It's in response to the pathetic CITES conference which basically screwed marine animal protection. The Christian Science Monitor rightly points out that citizens and consumers need to get involved in endangered species protection, because at the CITES level, it's all about money and international politics.
Japan, which imports most of the tuna, led the fight against a proposed ban. Nations where livelihoods depend on fishing the tuna and on harvesting other marine species held sway over countries, including the US, that pointed to scientific evidence of drastically dwindling populations.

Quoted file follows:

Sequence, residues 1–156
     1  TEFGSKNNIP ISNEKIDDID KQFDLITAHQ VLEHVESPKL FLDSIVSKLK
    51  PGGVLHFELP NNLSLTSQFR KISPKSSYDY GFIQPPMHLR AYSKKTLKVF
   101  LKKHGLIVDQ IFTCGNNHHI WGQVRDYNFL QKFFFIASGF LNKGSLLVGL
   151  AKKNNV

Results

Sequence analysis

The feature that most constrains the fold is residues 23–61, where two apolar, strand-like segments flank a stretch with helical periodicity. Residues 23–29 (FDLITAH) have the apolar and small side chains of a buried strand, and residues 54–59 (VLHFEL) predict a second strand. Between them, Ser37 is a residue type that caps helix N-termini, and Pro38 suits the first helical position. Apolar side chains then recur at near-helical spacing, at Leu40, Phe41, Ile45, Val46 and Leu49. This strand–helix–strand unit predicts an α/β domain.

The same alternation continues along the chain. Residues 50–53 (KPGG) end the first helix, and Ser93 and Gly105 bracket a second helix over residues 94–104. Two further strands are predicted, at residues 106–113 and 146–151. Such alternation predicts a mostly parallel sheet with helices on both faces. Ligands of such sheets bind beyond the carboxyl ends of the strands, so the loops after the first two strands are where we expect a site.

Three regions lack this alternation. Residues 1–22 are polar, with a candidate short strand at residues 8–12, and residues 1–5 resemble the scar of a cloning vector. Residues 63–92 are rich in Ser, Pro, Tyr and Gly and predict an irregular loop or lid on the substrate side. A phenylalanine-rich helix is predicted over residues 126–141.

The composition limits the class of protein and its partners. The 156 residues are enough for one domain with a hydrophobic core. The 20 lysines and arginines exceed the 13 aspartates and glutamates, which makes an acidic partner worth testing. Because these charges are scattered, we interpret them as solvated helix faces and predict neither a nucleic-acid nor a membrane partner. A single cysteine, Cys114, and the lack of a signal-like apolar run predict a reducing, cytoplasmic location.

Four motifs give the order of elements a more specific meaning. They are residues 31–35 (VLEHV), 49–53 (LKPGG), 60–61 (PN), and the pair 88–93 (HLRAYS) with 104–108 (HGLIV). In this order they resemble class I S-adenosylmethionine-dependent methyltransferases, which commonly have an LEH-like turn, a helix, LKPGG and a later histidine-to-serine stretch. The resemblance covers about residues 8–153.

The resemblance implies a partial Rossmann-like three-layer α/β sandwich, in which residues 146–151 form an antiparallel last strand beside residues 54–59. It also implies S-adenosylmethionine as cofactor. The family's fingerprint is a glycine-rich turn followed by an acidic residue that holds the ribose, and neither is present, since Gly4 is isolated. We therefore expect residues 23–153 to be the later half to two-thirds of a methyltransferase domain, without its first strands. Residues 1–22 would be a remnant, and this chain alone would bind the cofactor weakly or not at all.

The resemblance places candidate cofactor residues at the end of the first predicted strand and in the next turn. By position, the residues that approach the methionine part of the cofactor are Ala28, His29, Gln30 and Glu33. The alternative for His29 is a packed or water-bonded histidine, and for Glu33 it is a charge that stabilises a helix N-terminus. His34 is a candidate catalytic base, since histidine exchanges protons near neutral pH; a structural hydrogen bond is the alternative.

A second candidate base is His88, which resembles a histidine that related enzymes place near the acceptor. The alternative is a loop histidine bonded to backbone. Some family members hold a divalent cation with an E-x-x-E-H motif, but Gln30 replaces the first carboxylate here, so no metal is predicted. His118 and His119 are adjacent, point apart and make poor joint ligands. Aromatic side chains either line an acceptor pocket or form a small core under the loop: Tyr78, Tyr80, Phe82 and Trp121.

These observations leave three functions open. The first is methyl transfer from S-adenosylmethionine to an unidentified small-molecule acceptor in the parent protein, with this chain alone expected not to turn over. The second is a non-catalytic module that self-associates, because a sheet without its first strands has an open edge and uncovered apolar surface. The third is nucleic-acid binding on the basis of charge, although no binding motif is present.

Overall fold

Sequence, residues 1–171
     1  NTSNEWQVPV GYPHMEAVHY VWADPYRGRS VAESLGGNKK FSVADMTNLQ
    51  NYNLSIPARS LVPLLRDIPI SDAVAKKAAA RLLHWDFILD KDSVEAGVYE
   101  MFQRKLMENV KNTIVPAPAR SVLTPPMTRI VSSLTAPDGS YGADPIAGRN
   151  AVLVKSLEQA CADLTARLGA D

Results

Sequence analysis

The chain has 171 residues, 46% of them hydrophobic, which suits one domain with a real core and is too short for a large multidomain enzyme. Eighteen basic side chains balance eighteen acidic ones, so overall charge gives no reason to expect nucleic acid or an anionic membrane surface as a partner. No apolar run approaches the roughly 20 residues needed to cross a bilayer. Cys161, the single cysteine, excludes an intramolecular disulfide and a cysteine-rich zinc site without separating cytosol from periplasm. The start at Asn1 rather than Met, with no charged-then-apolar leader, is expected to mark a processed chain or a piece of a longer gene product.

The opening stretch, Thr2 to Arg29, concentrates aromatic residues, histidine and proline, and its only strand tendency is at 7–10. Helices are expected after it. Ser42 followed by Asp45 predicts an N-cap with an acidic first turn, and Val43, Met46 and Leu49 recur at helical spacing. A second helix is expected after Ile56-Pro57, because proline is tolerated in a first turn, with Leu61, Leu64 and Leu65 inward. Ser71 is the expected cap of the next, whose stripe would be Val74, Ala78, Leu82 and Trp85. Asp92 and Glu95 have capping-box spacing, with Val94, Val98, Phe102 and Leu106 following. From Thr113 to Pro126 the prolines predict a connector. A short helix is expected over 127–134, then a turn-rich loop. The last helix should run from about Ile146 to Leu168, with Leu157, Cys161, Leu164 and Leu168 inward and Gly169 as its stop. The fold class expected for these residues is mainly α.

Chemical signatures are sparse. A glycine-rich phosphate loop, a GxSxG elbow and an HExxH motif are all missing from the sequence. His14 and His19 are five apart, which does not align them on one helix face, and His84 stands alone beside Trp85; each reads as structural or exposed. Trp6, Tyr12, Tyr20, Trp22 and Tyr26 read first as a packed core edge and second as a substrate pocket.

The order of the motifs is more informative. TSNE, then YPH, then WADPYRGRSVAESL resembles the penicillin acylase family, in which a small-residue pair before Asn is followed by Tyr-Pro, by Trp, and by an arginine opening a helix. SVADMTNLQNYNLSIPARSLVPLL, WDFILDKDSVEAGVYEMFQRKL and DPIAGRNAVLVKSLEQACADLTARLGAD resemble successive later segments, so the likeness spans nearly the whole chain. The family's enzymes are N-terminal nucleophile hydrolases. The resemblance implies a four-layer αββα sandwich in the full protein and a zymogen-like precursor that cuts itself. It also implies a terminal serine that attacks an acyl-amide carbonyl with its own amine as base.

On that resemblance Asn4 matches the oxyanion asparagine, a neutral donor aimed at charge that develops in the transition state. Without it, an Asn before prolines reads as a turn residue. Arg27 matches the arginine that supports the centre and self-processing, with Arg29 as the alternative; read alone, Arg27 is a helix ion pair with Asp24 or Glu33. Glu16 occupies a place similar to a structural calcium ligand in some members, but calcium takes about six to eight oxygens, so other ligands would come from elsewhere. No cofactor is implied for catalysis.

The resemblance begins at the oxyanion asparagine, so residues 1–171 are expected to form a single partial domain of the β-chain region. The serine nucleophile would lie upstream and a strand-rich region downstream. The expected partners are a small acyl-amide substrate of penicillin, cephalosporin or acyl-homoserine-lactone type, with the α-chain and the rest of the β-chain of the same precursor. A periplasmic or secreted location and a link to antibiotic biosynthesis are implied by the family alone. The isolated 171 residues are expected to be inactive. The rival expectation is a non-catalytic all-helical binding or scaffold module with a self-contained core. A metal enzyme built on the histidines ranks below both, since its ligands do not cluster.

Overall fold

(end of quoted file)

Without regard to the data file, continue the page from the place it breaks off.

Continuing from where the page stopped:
Commerce vs. conservation is often at the center of environmental battles, whether they involve global warming or the spotted owl.
Over the years, environmentalists have learned that arguing solely on behalf of other life forms is not enough. They’ve had to earn degrees in economics and sociology to learn to marry their causes with the human one – explaining, for instance, that humans depend on bats to pollinate or on coral reefs to support other marine life that is advantageous to mankind.
In Qatar, the concern about lost livelihoods during difficult economic times was particularly acute. But jobs that depend on harvesting endangered species will quickly disappear if those species are not protected.